OECD urges central banks to keep raising rates

The OECD urged central banks to “stay the course” and keep raising interest rates despite the turmoil in financial markets, warning that inflation remains the main threat to the global economy.

In an update to its November economic forecasts, prepared in response to rising banking tensions this week, the Paris-based international organization raised its forecast for growth this year to 2.6 percent from 2.2 percent.

This “fragile recovery” was due to falling energy and food prices, China’s easing of coronavirus-related restrictions and rising business confidence.

Alvaro Pereira, OECDthe acting chief economist, said the brighter outlook meant that monetary policy “should remain tight until there are clear signs that underlying inflationary pressures will decline sustainably.”

The OECD’s call for higher interest rates in the US and the eurozone came after the European Central Bank raised the base rate on deposits up 0.5 percentage points to 3 percent on Thursday.

Crash last week Bank of Silicon Valley and Credit Suisse’s need for bailouts on Wednesday led politicians in Frankfurt to signal that further rate hikes would only come if market nerves calmed down.

Interest rate setters at the US Federal Reserve and the Bank of England meet next week, and investors are betting that officials will limit their efforts to curb inflation by raising policy rates.

But Pereira said central banks should not react to the chaos of recent days with less resolve to counter price pressure.

“We are still facing a situation where inflation is the main concern,” he told the Financial Times. “If you look at many parts of the world, inflation has become more widespread.”

He noted that although key rates have come down, core inflation has remained unsustainably high.

The ECB acknowledged on Thursday that core inflation – a measure that excludes food and fuel prices and is seen as the best indicator of continued price pressure – will remain uncomfortably high for much of this year.

Prior to the market panic, high inflation in US services led to expectations that the Fed would raise by half a percentage point next Wednesday. Markets are now expecting a quarter-point increase – or none at all – from the US central bank, with many looking for a cut later this year.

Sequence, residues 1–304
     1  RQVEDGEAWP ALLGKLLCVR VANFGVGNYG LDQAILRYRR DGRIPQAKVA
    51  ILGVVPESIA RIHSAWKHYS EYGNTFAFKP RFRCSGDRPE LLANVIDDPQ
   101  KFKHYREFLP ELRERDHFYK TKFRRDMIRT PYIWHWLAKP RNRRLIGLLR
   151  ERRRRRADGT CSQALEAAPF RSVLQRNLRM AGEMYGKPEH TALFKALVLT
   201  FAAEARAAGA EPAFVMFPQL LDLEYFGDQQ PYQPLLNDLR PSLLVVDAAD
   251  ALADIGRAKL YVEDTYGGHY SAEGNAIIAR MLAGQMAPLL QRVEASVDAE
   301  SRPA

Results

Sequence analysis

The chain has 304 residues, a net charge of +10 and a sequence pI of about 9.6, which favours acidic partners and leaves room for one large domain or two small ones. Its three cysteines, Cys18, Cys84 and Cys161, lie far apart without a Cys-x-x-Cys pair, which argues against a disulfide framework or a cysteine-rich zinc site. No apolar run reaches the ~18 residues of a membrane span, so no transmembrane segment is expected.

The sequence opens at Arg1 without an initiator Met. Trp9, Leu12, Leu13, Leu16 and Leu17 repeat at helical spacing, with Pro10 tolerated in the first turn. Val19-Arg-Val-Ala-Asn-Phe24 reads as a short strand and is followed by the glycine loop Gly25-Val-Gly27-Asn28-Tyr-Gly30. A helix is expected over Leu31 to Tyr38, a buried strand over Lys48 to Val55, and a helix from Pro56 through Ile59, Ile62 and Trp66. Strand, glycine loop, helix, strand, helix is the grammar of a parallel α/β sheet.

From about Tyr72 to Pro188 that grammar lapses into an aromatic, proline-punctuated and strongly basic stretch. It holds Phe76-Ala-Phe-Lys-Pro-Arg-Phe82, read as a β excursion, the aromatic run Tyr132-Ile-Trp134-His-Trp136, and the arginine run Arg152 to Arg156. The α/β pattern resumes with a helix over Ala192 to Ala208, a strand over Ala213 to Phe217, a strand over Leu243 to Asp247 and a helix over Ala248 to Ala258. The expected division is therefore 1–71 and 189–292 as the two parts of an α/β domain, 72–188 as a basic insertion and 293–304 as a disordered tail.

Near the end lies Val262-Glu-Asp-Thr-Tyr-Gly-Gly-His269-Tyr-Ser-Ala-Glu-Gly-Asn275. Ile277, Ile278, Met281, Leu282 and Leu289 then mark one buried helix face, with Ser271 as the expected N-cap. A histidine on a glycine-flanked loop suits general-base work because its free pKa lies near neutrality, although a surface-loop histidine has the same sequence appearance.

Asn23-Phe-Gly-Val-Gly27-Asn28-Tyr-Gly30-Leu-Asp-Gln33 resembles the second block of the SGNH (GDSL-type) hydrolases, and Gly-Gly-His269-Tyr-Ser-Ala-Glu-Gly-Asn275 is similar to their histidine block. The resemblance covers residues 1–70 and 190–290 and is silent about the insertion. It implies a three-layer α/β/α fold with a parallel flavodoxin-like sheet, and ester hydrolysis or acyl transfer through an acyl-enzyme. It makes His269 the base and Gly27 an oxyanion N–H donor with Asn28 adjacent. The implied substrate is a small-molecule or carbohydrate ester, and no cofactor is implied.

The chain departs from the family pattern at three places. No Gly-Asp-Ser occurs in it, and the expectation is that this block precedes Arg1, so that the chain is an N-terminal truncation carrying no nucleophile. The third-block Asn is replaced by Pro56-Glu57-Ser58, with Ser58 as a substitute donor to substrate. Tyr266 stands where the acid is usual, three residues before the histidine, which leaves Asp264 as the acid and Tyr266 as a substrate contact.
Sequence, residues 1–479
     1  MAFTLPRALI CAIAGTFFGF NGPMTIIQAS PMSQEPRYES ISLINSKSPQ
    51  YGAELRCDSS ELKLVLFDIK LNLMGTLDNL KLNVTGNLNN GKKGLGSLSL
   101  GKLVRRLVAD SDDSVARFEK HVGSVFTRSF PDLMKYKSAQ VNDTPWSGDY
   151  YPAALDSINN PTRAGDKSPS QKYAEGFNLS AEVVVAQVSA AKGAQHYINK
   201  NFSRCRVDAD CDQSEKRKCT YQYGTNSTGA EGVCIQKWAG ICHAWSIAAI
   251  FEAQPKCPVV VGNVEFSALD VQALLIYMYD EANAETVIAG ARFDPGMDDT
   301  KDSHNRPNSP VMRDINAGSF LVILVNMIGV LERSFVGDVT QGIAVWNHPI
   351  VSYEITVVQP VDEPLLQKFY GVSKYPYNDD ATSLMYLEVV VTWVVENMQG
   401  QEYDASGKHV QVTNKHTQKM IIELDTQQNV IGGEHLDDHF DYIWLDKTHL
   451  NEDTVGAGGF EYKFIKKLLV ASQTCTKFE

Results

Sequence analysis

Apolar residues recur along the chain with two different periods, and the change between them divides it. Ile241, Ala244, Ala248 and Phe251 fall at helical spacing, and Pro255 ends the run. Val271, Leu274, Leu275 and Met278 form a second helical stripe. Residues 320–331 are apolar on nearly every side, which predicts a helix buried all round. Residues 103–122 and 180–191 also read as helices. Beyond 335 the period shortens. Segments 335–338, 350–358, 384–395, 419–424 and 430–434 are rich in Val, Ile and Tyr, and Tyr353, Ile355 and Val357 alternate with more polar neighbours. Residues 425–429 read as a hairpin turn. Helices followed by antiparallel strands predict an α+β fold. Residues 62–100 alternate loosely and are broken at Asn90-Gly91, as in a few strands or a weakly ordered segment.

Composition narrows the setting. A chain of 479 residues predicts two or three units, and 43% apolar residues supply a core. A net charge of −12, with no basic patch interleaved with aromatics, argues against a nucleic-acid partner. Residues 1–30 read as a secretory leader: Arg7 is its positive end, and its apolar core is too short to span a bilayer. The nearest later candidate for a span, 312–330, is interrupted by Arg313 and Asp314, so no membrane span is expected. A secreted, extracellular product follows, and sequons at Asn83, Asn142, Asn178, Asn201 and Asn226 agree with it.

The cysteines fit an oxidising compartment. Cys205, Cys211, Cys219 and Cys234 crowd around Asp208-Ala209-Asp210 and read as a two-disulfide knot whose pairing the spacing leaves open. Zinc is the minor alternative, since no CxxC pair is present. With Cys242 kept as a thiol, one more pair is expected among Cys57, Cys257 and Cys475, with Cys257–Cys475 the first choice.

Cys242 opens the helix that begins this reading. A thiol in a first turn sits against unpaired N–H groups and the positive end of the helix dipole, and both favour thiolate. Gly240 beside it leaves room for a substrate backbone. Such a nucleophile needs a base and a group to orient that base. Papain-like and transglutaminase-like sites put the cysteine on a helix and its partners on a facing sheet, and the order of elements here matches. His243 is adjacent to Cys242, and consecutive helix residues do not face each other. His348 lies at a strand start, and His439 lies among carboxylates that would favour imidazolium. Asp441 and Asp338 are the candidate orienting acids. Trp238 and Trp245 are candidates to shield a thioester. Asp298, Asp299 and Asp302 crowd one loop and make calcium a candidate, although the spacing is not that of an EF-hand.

Pereira did not expect interest rates to fall until at least 2024, unless there was a very significant deterioration in financial stability. But this was not the main expectation of the OECD. “This is not 2008,” he said, referring to that year’s global financial crisis.

The organization said that while inflation is likely to decline “gradually” over this and next year, it is likely to remain above the central bank’s targets until the second half of 2024. Core inflation in advanced G20 economies is projected to average 4 percent in 2023. and 2.5 percent in 2024.

The Russian economy is expected to contract by 2.5 percent in 2023, although this is 3.1 percentage points better than previous OECD forecasts.

The UK has been named the most fragile advanced economy outside of Russia, which is projected to contract by 0.2% in 2023 and grow by 0.9% in 2024. This year’s estimate was in line with the Office of Budget Responsibility’s forecast for the Budget, but the OECD’s forecast for 2024 was significantly more pessimistic than the OBR’s forecast of 1.8 percent growth.

The OECD said that now that energy prices have fallen, governments should cut support to protect households and businesses from rising energy prices. “Some energy support measures are no longer needed,” Pereira said.